Over a decade in the making at the cost of almost $532 million, the National Gallery finally opened to the public on November 24.
Housed within the stunning architecture of the heritage buildings in the City Hall area, the restored original Supreme Court and City Hall buildings respectively, the National Gallery is positioned as the single largest institution dedicated to Southeast Asian art and Singapore art.
In an exclusive unveiling on November 23, Prime Minister Lee Hsien Loong and some 500 guests, including artists, patrons, community leaders and key friends of the arts, were given an exclusive tour of the 64,000sq ft museum.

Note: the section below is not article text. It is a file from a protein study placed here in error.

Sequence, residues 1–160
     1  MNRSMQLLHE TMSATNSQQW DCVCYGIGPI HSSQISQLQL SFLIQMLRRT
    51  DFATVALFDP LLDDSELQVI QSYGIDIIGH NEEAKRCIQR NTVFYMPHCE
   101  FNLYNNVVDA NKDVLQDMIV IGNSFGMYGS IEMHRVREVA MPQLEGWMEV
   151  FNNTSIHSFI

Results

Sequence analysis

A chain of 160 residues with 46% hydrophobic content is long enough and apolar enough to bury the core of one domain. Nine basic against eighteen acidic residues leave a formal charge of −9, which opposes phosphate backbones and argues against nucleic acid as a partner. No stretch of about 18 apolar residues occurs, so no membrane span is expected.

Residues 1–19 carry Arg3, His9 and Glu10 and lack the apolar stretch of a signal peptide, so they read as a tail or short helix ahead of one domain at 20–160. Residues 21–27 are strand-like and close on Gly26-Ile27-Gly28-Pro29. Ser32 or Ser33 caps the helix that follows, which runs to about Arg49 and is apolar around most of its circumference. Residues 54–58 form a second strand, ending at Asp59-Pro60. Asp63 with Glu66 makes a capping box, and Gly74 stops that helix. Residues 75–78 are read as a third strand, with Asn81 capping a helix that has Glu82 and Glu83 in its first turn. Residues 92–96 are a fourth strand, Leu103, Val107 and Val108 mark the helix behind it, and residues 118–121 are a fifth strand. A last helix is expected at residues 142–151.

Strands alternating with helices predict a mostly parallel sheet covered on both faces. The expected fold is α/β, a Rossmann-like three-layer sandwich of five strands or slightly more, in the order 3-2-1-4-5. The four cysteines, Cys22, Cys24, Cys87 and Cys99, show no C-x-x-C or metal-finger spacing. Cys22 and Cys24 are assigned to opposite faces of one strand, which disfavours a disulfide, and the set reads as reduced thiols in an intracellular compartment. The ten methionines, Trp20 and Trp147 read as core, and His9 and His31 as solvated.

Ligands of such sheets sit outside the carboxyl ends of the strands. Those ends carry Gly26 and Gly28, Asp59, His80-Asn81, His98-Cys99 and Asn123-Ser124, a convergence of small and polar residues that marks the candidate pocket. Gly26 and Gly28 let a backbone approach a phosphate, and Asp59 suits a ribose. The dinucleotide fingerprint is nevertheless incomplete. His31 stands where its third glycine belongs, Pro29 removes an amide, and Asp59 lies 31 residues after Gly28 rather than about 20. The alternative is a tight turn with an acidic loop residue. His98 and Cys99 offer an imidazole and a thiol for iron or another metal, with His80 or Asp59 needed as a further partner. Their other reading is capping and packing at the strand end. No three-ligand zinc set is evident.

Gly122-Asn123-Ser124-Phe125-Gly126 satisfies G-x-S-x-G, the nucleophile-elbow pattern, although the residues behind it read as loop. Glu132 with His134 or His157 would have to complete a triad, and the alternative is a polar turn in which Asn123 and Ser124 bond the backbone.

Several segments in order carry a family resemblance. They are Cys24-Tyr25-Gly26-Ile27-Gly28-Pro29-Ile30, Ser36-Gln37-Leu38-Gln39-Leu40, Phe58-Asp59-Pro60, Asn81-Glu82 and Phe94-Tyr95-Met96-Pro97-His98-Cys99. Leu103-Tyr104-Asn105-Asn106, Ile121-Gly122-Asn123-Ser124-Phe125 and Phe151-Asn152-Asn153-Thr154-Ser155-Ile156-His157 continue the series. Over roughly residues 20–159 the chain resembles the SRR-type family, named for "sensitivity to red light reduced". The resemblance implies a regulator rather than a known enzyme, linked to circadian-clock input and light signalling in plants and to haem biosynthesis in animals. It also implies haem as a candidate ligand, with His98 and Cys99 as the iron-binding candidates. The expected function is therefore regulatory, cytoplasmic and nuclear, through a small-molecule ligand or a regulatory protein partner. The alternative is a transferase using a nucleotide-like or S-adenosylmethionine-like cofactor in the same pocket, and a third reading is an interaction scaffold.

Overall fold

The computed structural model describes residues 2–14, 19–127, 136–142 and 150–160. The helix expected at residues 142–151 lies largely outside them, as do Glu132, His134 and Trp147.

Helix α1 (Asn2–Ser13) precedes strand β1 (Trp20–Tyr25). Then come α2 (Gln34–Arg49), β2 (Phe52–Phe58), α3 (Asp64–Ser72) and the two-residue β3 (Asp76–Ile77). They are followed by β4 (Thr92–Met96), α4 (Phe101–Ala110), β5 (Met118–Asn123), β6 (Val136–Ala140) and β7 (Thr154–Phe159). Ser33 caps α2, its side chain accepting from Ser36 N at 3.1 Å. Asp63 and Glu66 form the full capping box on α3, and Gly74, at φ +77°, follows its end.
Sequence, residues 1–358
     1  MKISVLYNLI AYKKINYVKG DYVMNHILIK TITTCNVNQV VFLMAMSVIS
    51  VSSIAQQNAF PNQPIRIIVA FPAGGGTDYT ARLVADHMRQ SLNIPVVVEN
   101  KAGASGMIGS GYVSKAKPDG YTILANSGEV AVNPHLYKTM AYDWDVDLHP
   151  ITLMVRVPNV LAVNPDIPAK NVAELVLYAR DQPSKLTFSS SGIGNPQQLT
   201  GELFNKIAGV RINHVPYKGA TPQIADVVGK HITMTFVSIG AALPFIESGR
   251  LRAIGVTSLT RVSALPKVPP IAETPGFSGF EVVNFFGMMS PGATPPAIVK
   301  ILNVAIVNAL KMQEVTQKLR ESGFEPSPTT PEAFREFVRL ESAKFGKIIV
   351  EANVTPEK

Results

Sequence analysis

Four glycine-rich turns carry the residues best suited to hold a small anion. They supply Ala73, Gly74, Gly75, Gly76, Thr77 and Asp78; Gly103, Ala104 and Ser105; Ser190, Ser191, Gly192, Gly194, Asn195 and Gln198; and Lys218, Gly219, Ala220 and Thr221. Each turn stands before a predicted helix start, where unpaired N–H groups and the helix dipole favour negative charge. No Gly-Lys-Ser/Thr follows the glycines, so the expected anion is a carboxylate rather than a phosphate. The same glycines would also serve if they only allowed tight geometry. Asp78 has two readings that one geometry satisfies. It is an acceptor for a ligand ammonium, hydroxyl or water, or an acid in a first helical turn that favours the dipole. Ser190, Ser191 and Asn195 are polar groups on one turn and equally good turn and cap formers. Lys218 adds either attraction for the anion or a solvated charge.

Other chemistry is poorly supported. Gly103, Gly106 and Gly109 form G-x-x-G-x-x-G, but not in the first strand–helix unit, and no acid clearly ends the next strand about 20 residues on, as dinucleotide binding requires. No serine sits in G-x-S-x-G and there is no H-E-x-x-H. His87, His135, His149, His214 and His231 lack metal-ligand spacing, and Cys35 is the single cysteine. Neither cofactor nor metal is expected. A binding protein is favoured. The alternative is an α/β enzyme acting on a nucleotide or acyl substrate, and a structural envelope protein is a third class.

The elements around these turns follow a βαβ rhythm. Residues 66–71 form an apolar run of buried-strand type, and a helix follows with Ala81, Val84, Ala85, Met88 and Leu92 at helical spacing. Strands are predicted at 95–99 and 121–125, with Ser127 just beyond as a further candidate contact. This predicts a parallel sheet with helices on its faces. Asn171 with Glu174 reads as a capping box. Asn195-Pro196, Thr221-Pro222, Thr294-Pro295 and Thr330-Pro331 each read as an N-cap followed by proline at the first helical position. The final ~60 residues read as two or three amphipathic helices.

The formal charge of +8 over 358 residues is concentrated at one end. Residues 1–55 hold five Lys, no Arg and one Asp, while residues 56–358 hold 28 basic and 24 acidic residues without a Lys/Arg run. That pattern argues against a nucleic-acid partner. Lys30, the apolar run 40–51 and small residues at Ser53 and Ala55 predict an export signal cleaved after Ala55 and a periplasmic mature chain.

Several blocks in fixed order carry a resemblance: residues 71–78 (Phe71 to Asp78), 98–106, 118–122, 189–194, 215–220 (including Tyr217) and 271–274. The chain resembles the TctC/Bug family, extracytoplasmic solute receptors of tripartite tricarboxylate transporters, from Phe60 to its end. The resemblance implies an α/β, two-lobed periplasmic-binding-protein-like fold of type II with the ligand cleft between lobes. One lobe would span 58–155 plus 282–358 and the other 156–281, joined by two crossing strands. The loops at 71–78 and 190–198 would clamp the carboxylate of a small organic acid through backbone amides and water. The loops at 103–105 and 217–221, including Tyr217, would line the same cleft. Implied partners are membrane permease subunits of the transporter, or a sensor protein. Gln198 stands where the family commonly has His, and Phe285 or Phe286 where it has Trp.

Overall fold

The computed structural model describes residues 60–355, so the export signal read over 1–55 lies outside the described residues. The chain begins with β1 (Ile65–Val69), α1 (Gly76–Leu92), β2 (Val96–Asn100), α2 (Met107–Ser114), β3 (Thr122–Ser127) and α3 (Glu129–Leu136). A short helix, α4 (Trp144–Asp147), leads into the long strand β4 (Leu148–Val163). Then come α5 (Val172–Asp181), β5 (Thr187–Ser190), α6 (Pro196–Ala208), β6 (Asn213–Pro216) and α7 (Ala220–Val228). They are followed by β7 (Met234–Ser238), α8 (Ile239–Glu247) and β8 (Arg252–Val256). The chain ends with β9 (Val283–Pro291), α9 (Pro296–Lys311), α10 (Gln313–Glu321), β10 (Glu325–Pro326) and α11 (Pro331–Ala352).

There, they had an early look at the wide array of canonical works from both Singapore and the Southeast Asian region in the two permanent exhibitions at the UOB Southeast Asian Gallery and DBS Singapore Gallery.
In his opening remarks, Mr Hsieh Fu Hua, Chairman of National Gallery Singapore said in his opening remarks: “Artists are often seen as being unconventional, separate from the mainstream. Through our exhibitions, visitors will realise that in fact, artists are integral to society and that art is not created in a vacuum.”
“Knowing who our key artists are, knowing what artistic expressions have been made over time in our country and in our region – all this is knowledge that will inform and shape our sense of connection to our community. Looking at art is a way of engaging in national and regional dialogues about identity and belonging.”
From now until December 6, admission is free for all visitors. For more information, visit www.nationalgallery.sg.